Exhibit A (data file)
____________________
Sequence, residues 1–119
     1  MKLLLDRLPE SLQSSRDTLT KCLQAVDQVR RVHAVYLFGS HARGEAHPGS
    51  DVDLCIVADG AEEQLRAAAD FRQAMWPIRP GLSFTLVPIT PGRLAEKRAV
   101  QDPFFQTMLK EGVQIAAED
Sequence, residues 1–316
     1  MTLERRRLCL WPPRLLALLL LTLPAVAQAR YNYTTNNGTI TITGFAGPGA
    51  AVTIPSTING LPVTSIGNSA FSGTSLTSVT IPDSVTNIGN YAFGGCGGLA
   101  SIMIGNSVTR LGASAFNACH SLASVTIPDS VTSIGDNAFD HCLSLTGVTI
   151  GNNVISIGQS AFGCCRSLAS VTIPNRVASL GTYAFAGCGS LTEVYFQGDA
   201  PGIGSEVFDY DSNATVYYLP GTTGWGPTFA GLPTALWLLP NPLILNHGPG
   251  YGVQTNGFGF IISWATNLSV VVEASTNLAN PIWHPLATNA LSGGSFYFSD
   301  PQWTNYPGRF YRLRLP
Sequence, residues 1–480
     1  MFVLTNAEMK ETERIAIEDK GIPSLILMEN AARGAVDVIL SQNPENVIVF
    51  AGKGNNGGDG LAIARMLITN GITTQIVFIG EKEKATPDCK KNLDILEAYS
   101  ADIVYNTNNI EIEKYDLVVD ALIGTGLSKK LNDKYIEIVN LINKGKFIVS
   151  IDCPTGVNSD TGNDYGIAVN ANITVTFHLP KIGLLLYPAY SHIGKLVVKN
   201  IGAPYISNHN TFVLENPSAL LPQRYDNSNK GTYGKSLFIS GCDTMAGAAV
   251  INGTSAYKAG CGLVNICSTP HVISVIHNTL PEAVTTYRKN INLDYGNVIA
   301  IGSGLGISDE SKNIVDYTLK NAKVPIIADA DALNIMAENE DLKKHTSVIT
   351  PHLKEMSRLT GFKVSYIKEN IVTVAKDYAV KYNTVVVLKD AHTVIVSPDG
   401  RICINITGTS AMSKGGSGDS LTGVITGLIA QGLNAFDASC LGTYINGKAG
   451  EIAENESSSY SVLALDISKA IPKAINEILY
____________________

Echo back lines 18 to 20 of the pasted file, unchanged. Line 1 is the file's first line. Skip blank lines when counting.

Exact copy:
   201  IGAPYISNHN TFVLENPSAL LPQRYDNSNK GTYGKSLFIS GCDTMAGAAV
   251  INGTSAYKAG CGLVNICSTP HVISVIHNTL PEAVTTYRKN INLDYGNVIA
   301  IGSGLGISDE SKNIVDYTLK NAKVPIIADA DALNIMAENE DLKKHTSVIT